We also gave her additional sublingual vitamin B12 (1mg three times a day), as digestive issues can inhibit vitamin B12 absorption. This was designed to help what appeared to be a sub-clinical macrocytic anemia.
Issue #3 – Digestive dysfunction
We had Jill start with a three-week elimination diet to help reduce gut inflammation caused by possible food sensitivities. We also supplemented digestive enzymes (Digestzyme by Designs for Health, 2-3 capsule per meal). Later in her protocol, we also put her on Designs for Health Probiotics Supreme (2 caps a day) to help combat the assumed dysbiosis she had from antibiotic use.
Issue #4 – Hormone imbalances
We needed to eliminate her excess hormones, specifically estrogen and testosterone. This is most easily accomplished by improving liver and gall bladder detoxification pathways, since this is the primary pathway steroid hormones are cleared out of the body. Specifically we used Designs for Health Amino-D-Tox (2 caps, three times a day), LV/GB (one cap three times a day) and Clearvite by Apex Energetics (one scoop three times a day, which also addresses gastrointestinal health).
Issue #5 – Adrenal imbalances
Normally we don’t address adrenal imbalances right away. Rather we support other systems for a period of time, re-evaluate, and see if anything improved. However, given that high testosterone was a key finding, we needed to address the low cortisol to stop the vicious hormonal cycle happening anytime her blood sugar got too low. We prescribed an adaptogenic formula called Adaptocrine by Apex Energetics (2 caps, three times a day) designed to help support the body’s stress response.
Obviously there were other things to address, and additional directions we could go, but this was enough for the next 12 weeks, at which time we’d redo lab testing and evaluate her symptoms.
While this may seem like a lot, it’s all for good reason. For example, if her testosterone is high, we need to stop its overproduction (i.e. due to blood sugar fluctuations) and get rid of the excess levels (i.e. liver support).
A few weeks after finishing the protocol, Jill submitted follow-up blood chemistry panel and salivary hormone testing. However, while we were pleased with her symptom improvement, we were initially puzzled by the lab results.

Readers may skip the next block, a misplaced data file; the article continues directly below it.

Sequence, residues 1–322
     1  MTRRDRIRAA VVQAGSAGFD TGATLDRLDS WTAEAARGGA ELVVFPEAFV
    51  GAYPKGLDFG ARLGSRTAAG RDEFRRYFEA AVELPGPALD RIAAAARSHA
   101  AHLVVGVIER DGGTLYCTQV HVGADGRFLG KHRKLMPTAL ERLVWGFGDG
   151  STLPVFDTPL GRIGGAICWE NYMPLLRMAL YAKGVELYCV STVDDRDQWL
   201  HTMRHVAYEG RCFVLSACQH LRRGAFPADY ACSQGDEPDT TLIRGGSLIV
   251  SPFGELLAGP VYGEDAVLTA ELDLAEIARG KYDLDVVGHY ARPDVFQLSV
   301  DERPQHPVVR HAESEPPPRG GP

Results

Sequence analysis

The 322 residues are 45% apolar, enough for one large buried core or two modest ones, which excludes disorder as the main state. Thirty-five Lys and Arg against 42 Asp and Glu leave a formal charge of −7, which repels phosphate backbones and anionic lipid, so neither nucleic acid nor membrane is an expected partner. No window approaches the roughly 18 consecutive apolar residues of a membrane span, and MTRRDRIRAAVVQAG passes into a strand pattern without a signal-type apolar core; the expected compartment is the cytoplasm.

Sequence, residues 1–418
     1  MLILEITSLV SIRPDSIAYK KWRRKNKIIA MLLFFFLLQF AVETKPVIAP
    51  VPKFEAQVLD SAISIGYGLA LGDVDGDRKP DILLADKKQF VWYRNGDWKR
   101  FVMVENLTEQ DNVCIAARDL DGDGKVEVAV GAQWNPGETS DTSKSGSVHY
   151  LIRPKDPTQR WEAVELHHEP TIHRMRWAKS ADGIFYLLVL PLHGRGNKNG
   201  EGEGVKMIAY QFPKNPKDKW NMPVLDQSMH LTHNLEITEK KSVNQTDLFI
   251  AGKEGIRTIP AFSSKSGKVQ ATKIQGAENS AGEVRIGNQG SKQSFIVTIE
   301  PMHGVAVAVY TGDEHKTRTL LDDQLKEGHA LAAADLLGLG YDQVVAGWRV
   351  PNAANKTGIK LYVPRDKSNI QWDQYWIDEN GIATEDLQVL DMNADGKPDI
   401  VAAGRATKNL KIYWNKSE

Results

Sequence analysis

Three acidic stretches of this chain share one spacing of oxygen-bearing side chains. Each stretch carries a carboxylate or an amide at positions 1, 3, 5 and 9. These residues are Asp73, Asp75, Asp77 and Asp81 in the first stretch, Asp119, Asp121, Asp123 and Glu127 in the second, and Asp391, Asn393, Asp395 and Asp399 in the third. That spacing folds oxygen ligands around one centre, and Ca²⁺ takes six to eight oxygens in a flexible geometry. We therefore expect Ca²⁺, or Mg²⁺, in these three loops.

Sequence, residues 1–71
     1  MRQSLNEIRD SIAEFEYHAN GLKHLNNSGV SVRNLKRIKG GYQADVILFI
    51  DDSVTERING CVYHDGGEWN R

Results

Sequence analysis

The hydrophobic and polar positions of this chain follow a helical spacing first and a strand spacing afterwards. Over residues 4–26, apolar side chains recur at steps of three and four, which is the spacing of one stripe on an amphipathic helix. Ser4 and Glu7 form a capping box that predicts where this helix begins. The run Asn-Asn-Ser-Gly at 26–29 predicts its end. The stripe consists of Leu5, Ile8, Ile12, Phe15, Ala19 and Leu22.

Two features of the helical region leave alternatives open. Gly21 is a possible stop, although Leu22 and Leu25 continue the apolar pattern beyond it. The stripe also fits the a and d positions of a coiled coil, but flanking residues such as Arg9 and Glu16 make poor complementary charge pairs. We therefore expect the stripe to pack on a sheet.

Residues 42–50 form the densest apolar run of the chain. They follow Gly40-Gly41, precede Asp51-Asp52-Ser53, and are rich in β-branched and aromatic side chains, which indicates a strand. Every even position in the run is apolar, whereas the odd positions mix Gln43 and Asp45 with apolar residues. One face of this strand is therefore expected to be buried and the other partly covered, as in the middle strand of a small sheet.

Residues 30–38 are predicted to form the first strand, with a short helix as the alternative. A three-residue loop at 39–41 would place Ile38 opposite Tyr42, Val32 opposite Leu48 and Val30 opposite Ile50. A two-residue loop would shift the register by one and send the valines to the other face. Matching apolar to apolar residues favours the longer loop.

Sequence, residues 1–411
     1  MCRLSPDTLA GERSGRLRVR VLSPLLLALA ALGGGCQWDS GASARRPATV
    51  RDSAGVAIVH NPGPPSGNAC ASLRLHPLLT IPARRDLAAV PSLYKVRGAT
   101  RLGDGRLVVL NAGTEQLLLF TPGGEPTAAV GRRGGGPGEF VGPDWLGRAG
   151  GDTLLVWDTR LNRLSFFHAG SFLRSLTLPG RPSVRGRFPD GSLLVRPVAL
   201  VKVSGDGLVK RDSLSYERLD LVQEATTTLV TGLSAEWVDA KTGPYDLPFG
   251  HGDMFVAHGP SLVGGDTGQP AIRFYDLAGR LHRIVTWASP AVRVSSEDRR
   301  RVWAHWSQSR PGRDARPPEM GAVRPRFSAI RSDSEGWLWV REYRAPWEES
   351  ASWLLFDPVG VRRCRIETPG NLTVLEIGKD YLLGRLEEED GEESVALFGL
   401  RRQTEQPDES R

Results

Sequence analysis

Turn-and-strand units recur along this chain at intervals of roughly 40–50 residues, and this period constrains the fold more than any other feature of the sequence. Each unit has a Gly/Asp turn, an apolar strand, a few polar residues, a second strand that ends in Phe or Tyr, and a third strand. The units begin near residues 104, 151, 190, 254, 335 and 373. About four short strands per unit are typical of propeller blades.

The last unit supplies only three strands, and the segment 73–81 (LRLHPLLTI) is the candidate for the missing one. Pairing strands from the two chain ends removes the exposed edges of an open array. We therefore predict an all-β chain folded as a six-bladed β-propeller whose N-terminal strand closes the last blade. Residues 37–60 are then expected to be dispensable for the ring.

Symptomatically, Jill reported a complete resolution of her acne. She also had an “abundance of energy”, no more gas and bloating, emotional balance for the first time in 10 years, and she felt “happier and more alive” than she had in a long time.
Mission accomplished, right? Not really.
Her testosterone had lowered considerably from 67 pg/ml down to 15 pg/ml, which is a good thing. However her estrogen and progesterone remained very elevated. And now she had high glucose, alkaline phosphatase, white blood cells, and lipids (cholesterol and triglycerides).
Not exactly the direction we wanted to go. Scratching our head we wondered where we went wrong, and where we were going to go next.
But then we got our answer.
One week later, we had our answer. Jill was finally pregnant! As she told us in an excited email:
“…Yet the best, most joyous and most unexpected result was … I found out that I was pregnant! Never in million years did my husband and I think we could fall pregnant with the current state of my hormones and so quickly, after addressing my health concerns.”
Her pregnancy explained the odd lab values that came back post testing. So yes, apparently mission accomplished.
So what can we take away from Jill’s story?
- Symptoms of reactive hypoglycemia, including shakiness, lightheadedness and irritability between meals are often correlated with low cortisol.
- Blood sugar fluctuations will almost always cause hormone imbalances in women, specifically elevated testosterone.
- High testosterone in women can result in mood issues (i.e. depression), infertility, difficulty losing weight, low libido, as well as external manifestations such as acne and facial hair growth.
- Getting rid of excess testosterone requires balancing blood sugar to slow down its production, and supporting liver detoxification pathways to clear out the excess that is already present.
In the next article . . .
Jill contacted us a year later, elated with a new baby boy, but with a whole new set of symptoms: extreme fatigue, depression, and difficult weight loss.
We ran a blood chemistry, and it showed a very high TSH (Thyroid Stimulating Hormone) coupled with low thyroxine and T3 (Thyroid hormones). However, low thyroid hormone was not her primary issue. Her problems were being caused by something very common today, which we’ll cover next month.
Stay tuned, detectives.